Residents oppose Steelers’ request for sign on Heinz Field seating
Five Pittsburgh residents lined up Thursday in opposition to the Steelers’ request to create a sign in the end zone seating at Heinz Field, complaining it would detract from the city’s landmark hilltop vistas and architectural ambiance.
Representatives of PSSI Stadium LLC, a team affiliate, appeared before the Pittsburgh Zoning Board of Adjustment to appeal a zoning administrator’s determination that the sign would represent a “roof sign” prohibited by zoning regulations.
The Steelers argued that it should be exempt because it is an interior element.
The zoning board has 45 days to render a decision.
“There’s a provision in the code that makes the distinction between exterior and interior signage,” said Downtown attorney Shawn N. Gallagher, who represents the Steelers. “In a nutshell, signs that are intended to be in the interior of a building are permitted. It’s our position that the proposed sign is an interior sign and exempt from the code.”
Under the zoning code, signs on the inside of buildings that are not designed to be visible from the outside are “permitted in any district with unlimited size and interior location.”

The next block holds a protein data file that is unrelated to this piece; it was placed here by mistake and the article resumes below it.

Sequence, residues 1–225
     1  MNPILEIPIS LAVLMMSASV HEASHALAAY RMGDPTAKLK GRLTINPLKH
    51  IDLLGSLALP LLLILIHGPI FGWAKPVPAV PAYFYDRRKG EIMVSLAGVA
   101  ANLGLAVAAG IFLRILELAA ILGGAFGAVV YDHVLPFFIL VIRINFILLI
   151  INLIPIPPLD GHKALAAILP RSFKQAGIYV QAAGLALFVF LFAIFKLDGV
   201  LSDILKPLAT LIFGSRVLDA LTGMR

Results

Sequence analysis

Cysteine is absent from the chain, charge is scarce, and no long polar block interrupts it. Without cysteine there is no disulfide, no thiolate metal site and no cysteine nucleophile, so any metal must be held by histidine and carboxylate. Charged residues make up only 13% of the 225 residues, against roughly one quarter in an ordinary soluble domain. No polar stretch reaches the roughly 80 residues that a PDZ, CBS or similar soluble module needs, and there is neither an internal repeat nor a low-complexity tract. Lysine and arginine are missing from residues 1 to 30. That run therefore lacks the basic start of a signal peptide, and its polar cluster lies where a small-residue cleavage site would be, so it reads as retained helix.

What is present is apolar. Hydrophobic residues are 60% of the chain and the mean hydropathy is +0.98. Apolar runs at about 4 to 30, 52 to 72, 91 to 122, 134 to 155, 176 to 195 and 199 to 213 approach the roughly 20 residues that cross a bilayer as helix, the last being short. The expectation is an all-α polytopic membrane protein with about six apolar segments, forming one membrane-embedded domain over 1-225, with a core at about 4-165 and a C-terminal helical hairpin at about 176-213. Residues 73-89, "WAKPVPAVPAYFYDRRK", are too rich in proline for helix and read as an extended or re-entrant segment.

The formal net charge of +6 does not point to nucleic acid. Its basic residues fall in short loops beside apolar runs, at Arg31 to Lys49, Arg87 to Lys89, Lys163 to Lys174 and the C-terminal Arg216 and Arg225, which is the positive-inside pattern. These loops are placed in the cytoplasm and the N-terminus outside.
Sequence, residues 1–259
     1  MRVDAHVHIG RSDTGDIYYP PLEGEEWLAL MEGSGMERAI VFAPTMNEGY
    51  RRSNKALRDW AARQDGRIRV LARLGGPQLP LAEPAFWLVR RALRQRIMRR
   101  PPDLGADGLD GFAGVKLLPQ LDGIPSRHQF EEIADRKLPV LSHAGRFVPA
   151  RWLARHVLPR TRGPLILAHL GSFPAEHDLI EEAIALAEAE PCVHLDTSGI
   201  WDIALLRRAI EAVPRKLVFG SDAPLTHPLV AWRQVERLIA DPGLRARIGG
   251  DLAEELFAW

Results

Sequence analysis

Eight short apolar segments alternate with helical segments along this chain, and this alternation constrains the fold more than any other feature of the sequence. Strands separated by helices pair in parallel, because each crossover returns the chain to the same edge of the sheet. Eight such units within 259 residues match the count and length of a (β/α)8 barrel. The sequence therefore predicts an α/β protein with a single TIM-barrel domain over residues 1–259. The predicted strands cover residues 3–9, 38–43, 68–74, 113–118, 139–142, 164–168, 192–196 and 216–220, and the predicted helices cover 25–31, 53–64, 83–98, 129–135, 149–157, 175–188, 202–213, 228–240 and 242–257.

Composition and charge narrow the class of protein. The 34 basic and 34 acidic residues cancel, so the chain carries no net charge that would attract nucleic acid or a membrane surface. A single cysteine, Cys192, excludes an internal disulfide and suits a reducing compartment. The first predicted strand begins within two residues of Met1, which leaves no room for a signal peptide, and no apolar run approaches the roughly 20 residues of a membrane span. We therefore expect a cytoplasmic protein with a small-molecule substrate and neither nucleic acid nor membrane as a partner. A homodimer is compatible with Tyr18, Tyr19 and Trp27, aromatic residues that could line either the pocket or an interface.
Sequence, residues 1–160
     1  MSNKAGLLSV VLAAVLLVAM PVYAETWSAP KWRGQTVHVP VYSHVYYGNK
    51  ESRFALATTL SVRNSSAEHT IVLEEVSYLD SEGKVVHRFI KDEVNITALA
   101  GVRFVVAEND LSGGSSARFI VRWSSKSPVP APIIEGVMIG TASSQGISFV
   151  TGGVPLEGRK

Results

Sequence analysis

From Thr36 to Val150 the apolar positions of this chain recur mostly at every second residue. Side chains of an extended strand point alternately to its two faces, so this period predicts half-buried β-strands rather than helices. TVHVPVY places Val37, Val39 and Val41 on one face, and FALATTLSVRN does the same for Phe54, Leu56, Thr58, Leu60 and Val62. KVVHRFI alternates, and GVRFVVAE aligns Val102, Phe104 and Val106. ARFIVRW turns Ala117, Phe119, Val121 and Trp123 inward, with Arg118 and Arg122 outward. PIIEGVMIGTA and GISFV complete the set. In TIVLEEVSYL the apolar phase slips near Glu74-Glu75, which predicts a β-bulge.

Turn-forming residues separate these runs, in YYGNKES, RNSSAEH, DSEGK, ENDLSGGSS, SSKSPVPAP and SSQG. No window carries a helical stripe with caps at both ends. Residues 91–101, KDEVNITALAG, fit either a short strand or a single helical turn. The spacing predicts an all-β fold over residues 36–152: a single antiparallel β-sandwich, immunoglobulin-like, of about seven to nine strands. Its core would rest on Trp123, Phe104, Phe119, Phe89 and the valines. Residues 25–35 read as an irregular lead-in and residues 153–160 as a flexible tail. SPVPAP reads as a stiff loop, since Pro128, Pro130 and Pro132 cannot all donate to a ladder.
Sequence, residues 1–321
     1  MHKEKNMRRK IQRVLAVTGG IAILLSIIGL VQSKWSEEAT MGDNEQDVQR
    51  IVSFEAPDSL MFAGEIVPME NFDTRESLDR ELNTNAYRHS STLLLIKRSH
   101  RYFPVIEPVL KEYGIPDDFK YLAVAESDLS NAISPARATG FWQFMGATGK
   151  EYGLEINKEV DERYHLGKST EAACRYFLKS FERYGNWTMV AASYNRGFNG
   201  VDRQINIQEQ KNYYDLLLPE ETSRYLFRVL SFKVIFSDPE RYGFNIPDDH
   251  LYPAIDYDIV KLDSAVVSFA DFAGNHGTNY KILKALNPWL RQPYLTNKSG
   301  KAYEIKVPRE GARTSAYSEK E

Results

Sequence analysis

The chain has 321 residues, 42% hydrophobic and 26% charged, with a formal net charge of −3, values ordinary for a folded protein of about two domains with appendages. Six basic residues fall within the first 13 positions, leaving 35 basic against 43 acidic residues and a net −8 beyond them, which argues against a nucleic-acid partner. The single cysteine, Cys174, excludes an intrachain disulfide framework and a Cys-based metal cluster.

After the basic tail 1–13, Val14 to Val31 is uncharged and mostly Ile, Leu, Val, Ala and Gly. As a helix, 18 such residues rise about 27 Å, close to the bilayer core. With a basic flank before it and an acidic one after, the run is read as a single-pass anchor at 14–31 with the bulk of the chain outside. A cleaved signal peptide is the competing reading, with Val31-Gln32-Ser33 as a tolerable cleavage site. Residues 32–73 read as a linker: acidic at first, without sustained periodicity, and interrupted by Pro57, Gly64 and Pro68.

The Steelers have not yet determined what the sign might say. The team is proposing it for seating in a lower end zone on the north side of the stadium.
“To my knowledge we haven’t made that determination whether it’s a logo or something that’s spelled out,” said Nick Sero, a spokesman for the Steelers and Heinz Field. “I think we were going to see if we could do it first.”
Downtown resident Deborah Rohe, 66, urged the zoning board to deny the request, saying she was greeted in her living room on Wednesday by a flashing stadium scoreboard.
“My concern is the proliferation of signs,” she said. “When we’re promoting our city, it’s the views; it’s the architectural ambiance. That’s why we’re opposing this sign.”
Other residents complained the sign would detract from Mt. Washington views.
“I’m here to oppose the large sign with its certain visibility from Mt. Washington and the (Monongahela) Incline,” said Mt. Washington resident Carly Bellini, 22.
Dave Demko, assistant director of Scenic Pittsburgh, said large signs are inappropriate and detract from city aesthetics.
“It becomes a slippery slope,” he said. “Once you start allowing larger signs, then you create the context for even more larger signs.”
Bob Bauder is a Tribune-Review staff writer. You can contact Bob at 412-765-2312, [email protected] or via Twitter .